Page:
Every state’s law is different, so it is very important that you first determine what state you qualify for jurisdiction in for divorce purposes.
Divorce is the dissolution of a marriage due to irreconcilable differences in Indiana which is a no-fault divorce state. In other words, it makes no difference whose fault the divorce is because it is irrelevant with regard to the ability of either party to get a divorce.
The general issues that have to be settled in a divorce where children are under 19 or going to college is which party has custody, principal physical custody of the children, what the visitation rights are of the non-custodial parent, who pays what child support, and other related child expenses, who gets what property and who gets what debt.
Once you enter into an agreement and the court approves this agreement, it is very difficult to get this court order changed especially with regard to custody, visitation, and child support without a showing by a preponderance of the evidence a significant change in circumstances. This is usually very difficult to prove for the moving party.
Child support is non-dischargeable in bankruptcy.
A pre-nuptial agreement is enforceable in Indiana as long as it is agreed to and signed before marriage. The Indiana law and the courts favor pre-nuptial agreements as long as they are not too one-sided.
If there are no children, then the major issues revolve around only who gets what property and who gets what debt.
The general rule in Indiana is that each party is to receive 50% of the marital property which includes all property owned net of debt at the time of the filing for divorce. However, if it can be proven with evidence that one party intentionally removed property from the parties marital property right before filing for divorce that such property can be brought back as marital property. For example, where one party removes a large amount of property from a retirement plan right before filing for divorce.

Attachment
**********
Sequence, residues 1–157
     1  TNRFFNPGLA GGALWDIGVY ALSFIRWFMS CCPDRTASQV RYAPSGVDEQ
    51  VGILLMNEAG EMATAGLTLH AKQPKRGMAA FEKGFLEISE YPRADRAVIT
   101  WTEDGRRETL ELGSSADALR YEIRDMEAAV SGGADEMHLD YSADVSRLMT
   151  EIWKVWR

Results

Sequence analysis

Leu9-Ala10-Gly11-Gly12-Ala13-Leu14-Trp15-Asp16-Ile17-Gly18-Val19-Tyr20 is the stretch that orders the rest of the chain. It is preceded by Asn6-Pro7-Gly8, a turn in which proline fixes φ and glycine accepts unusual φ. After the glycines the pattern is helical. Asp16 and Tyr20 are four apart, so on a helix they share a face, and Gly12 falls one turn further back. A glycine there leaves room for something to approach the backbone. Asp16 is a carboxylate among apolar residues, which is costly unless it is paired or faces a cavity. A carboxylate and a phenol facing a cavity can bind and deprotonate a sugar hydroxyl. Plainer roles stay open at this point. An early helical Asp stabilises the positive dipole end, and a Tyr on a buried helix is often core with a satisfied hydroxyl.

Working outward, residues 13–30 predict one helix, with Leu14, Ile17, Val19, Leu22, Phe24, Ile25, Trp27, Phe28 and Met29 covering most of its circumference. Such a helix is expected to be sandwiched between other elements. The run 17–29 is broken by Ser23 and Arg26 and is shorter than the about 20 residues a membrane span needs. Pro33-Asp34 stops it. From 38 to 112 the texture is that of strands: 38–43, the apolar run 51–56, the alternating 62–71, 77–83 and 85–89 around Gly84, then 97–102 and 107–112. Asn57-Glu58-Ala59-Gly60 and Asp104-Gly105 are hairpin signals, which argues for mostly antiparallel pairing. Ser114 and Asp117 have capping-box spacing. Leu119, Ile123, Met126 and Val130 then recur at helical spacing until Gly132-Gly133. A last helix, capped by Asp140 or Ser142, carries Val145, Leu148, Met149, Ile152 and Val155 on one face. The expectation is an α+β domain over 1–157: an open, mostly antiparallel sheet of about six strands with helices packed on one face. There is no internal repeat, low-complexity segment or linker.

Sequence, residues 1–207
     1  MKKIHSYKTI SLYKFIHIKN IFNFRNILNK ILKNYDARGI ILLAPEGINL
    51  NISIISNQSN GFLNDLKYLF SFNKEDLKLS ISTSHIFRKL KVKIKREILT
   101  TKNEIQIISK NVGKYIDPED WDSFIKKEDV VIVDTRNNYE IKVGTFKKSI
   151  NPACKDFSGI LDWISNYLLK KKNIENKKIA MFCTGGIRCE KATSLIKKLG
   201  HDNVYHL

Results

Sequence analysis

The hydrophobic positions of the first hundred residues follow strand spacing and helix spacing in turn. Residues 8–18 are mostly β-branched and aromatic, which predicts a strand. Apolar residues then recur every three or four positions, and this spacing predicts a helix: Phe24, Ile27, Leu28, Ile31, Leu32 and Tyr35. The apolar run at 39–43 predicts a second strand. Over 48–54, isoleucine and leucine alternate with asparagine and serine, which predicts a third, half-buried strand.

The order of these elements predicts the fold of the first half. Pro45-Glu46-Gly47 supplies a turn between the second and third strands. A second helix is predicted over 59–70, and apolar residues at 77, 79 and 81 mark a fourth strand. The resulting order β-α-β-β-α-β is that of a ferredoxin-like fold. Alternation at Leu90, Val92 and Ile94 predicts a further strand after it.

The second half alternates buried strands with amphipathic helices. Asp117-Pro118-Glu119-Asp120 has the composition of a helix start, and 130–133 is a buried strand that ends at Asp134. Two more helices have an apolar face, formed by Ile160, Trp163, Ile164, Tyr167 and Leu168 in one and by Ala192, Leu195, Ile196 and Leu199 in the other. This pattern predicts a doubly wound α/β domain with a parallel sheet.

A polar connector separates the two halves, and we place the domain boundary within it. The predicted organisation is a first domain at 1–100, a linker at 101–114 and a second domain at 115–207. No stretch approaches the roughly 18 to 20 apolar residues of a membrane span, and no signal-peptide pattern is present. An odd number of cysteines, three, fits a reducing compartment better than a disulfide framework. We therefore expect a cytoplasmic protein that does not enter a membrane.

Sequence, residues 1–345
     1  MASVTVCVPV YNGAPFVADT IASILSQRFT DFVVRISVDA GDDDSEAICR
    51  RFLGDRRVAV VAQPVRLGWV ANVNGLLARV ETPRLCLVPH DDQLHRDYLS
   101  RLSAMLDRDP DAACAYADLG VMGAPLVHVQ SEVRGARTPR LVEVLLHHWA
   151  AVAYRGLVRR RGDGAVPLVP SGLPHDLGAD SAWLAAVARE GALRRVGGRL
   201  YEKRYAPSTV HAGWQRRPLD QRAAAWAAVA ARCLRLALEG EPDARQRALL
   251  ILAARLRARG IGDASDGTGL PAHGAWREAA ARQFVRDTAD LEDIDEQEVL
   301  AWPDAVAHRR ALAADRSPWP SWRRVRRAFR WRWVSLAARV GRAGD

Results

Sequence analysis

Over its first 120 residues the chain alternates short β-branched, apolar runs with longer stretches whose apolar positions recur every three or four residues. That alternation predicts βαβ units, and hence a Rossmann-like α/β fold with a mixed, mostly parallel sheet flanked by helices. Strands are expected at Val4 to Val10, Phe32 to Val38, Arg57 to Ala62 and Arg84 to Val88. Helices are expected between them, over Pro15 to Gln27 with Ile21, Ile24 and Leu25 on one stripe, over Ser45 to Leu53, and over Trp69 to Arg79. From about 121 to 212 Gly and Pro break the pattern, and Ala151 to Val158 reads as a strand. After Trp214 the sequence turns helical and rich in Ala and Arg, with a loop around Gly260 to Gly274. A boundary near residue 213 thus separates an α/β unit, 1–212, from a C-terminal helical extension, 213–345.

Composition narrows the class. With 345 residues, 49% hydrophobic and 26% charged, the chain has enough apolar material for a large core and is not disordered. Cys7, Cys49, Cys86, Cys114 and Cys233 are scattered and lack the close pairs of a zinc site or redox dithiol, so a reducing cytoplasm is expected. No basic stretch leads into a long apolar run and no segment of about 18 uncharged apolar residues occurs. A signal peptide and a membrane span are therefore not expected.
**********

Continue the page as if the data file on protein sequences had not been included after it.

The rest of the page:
The 50/50 rule has many exceptions, but I do not have room to go into all of these here. For example, if one party brought the property into the marriage and kept that property with only their own name on the property and the marriage was of short duration, then the court is more apt to allow that party to keep that property at the time of dissolution notwithstanding the 50/50 rule.
Or if a person received a large inheritance during marriage and kept that property separate in their own name until the time of dissolution or could track that property during the selling and buying other property only with funds from that inheritance then it is likely that they would be able to keep such property at time of dissolution without the application of the 50/50 percent rule.
There is no alimony in Indiana unless one spouse is disabled. In that case, it will depend on the ability of the other spouse to pay support and their own living expenses in determining what alimony is appropriate. One party’s social security income might be considered in this calculation.
There are many other possible scenarios, so it is important that you consult with an attorney before agreeing to anything with your spouse to see what your rights are in your specific circumstances.